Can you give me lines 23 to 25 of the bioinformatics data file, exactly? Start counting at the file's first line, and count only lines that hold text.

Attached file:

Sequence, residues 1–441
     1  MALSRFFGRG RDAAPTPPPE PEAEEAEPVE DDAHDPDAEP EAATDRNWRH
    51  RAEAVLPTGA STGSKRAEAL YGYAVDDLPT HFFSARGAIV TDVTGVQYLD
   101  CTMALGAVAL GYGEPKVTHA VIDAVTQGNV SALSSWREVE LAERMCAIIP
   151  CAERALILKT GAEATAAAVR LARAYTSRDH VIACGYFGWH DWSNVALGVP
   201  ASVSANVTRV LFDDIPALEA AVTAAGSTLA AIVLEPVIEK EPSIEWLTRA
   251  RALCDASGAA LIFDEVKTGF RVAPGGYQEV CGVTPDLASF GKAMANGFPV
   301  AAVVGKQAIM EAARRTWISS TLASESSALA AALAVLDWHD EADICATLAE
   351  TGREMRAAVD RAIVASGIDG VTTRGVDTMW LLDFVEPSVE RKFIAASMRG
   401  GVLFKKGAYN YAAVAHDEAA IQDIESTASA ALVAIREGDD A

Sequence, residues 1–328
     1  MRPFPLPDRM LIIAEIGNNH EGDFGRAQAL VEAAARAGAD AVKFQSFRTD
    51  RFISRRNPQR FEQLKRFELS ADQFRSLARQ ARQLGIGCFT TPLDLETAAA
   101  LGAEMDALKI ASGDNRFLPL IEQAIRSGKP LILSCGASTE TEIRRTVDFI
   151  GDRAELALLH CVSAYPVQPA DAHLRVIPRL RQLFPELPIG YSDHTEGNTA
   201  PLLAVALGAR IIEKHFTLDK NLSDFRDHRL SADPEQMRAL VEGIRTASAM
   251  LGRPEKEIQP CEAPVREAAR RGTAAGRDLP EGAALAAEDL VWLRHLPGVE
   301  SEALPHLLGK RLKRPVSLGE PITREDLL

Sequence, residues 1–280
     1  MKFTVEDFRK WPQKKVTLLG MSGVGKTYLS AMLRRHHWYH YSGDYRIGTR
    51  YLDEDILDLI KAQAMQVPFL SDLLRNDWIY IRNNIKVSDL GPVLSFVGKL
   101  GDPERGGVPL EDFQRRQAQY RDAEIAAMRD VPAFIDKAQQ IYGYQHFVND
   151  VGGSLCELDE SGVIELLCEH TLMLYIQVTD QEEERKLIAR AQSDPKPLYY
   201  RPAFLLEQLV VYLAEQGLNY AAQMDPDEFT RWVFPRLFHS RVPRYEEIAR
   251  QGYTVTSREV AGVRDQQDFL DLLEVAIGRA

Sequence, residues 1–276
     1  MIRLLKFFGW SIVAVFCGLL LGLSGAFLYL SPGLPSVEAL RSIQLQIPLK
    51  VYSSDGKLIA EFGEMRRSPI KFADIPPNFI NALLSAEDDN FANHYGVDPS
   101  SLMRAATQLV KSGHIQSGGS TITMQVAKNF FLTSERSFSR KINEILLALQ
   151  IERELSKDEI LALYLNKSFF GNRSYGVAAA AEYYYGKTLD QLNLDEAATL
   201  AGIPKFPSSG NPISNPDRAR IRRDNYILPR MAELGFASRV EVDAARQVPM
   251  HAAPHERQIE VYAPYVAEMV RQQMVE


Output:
   151  VGGSLCELDE SGVIELLCEH TLMLYIQVTD QEEERKLIAR AQSDPKPLYY
   201  RPAFLLEQLV VYLAEQGLNY AAQMDPDEFT RWVFPRLFHS RVPRYEEIAR
   251  QGYTVTSREV AGVRDQQDFL DLLEVAIGRA